# Static electricity, it's all capacitance?

Thread Starter

#### AngryGecko

Joined Jul 7, 2017
44
Static electricity between objects all comes down to capacitance between them that is charged to a certain voltage, right? Making sure the charge remains constant if the capacitance were to change. Just want to have it confirmed that there is no other effect going on here.

#### #12

Joined Nov 30, 2010
18,217
It seems that way to me. Static electric = charge holding still. Not flowing. No conductance. No conductors. No conductors means no inductors. The only thing left is capacitance.

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Thread Starter

#### AngryGecko

Joined Jul 7, 2017
44
Thanks for the reply! How would the capacitor equivalent circuit be when you rub a baloon against your hair and then stick it to a wall? (could not find this on google)

Thread Starter

#### AngryGecko

Joined Jul 7, 2017
44
This is for a conducting sphere but it gives you an idea what the capacitance is.

View attachment 138758
Isn't the capacitance between the charged objects what determines the capacitance? For example when two objects in space build up a charge it's equivalent of having a capacitor with the same capacitance as the two charged objects have together. The voltage should change as the objects get closer or further away from each other (because the capacitance changes) in order to remain the same charge. Is this a proper way of seing this?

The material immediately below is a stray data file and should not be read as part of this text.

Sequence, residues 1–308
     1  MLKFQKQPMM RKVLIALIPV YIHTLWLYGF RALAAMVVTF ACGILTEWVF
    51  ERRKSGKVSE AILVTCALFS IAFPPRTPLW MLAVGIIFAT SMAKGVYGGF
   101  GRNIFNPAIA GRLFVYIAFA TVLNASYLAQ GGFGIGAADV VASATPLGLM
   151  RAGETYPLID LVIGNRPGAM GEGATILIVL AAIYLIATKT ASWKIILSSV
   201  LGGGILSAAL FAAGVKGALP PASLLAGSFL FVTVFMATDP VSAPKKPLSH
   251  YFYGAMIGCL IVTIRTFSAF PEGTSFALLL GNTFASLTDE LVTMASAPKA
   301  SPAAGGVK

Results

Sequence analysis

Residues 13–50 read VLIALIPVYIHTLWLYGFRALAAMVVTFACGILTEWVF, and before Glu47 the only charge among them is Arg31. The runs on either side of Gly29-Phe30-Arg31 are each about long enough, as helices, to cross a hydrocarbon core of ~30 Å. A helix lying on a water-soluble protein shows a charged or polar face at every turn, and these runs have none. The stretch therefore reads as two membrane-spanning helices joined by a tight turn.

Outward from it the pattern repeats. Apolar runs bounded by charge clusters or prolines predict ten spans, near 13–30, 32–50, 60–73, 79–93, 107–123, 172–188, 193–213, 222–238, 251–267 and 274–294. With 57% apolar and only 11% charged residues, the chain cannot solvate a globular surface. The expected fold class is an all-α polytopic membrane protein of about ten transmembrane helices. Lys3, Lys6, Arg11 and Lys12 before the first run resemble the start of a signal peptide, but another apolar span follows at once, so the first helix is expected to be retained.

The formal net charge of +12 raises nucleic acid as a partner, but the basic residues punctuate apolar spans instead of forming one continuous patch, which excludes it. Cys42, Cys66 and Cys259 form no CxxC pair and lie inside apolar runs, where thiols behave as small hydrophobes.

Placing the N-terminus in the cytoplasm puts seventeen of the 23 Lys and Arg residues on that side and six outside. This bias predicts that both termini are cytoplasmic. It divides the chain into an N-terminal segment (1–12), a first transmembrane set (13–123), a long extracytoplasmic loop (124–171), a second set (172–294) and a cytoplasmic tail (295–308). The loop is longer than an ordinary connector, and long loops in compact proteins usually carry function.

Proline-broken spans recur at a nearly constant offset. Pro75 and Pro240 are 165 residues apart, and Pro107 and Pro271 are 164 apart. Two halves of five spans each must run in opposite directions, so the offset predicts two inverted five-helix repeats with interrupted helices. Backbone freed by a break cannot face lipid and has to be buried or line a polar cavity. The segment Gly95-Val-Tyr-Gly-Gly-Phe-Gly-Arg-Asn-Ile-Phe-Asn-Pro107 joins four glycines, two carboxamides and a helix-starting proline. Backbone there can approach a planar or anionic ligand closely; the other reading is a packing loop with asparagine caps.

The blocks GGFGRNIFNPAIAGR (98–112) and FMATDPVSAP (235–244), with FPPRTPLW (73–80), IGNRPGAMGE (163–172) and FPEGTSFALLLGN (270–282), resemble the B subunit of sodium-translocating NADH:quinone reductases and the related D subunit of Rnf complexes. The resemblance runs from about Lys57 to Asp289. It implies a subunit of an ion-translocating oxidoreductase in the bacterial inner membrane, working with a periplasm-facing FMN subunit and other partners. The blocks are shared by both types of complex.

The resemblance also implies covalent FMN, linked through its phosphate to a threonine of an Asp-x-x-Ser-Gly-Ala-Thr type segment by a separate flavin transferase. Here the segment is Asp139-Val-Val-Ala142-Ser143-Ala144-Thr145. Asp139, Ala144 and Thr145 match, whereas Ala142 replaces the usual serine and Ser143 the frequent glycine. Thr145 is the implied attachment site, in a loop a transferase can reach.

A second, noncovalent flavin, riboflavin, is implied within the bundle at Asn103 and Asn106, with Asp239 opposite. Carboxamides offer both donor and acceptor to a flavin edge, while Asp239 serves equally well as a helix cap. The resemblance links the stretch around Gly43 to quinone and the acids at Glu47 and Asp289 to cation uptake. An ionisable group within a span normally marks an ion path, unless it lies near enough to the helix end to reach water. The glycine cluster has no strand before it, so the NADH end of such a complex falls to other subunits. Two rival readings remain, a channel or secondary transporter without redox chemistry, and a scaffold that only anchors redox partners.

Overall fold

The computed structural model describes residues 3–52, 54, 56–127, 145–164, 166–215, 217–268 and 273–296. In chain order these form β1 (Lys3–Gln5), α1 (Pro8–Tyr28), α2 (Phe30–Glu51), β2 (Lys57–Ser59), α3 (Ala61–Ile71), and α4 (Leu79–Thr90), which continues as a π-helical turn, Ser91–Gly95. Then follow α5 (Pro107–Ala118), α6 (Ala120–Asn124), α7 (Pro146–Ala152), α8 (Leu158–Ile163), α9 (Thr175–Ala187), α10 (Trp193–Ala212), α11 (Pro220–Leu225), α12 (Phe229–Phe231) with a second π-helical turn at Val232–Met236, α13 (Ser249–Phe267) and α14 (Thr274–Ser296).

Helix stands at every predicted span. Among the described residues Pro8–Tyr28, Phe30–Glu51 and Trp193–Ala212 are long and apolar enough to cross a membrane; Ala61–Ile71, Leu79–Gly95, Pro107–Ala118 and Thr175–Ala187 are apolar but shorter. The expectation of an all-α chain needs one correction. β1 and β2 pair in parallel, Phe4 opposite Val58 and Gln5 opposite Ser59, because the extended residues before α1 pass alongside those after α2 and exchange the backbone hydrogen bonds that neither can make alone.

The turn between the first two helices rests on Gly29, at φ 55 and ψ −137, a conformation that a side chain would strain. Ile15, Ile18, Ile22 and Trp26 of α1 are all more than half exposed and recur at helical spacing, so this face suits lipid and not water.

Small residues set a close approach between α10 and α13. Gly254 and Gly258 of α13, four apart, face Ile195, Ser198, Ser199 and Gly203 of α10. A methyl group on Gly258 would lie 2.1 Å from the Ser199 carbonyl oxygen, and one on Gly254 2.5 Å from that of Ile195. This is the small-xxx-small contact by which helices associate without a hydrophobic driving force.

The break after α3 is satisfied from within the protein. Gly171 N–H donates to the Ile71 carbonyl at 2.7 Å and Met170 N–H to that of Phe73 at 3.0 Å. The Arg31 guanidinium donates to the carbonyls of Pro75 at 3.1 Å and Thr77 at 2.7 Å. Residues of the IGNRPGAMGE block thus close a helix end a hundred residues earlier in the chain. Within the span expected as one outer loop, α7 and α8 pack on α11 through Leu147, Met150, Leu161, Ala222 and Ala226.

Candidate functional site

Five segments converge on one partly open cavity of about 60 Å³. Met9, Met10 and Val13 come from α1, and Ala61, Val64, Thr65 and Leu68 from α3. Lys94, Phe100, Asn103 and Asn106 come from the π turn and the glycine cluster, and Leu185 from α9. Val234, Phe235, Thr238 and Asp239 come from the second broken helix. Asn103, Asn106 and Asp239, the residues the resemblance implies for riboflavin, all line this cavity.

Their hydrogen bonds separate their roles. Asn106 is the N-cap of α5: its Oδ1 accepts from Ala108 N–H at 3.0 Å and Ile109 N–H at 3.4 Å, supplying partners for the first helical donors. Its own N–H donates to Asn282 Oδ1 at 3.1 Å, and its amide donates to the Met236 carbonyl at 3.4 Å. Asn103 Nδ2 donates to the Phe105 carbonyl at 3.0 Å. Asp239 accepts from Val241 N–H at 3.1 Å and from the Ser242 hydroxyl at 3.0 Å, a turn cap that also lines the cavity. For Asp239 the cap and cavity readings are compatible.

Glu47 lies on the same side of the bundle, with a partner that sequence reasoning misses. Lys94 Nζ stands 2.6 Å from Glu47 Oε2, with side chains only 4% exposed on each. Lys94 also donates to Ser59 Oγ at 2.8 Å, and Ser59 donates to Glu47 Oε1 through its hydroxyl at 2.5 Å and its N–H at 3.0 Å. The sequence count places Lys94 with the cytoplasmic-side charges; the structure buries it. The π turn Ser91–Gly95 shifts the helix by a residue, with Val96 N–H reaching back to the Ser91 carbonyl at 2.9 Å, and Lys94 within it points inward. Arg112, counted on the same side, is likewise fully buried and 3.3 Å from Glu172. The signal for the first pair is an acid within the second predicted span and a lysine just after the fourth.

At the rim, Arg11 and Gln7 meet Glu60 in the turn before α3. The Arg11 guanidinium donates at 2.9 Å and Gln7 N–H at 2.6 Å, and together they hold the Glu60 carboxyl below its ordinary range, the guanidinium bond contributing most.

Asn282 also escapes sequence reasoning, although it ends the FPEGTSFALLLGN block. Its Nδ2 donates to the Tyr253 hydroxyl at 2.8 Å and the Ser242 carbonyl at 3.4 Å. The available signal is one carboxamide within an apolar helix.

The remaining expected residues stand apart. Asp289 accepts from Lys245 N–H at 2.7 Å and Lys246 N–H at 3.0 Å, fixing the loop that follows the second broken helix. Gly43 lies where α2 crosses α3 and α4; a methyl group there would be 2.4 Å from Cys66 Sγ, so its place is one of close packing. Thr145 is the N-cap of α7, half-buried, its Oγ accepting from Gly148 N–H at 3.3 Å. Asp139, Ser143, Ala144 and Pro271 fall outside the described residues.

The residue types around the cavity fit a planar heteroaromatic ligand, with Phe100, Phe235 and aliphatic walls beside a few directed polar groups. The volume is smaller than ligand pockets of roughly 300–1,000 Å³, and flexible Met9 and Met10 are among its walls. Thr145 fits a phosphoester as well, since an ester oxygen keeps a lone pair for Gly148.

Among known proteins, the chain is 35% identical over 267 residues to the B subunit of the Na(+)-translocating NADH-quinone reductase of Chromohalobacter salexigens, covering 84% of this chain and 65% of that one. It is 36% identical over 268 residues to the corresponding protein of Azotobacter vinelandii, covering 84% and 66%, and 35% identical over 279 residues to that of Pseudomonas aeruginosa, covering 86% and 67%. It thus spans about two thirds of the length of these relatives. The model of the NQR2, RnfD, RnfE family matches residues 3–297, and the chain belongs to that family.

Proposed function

#### MrAl

Joined Jun 17, 2014
8,073
Isn't the capacitance between the charged objects what determines the capacitance? For example when two objects in space build up a charge it's equivalent of having a capacitor with the same capacitance as the two charged objects have together. The voltage should change as the objects get closer or further away from each other (because the capacitance changes) in order to remain the same charge. Is this a proper way of seing this?
Hi,

You do know that for two plates that form a capacitor and has a charge there will be a physical force between the two plates right? So that means that in order to move one or both plates you'd have to overcome this force. Doing that would require extra energy (or energy removal) which would change the equilibrium state of the system because you will be changing the total energy of the system. You'd have to figure out how this changes the charge distribution. Capacitance increases as the plates move closer together, so the charge gets more compact. A larger capacitance with the same charge would have to have a different voltage. So i guess as you move them closer together the energy of the force required to do this will convert into a change in voltage (lower).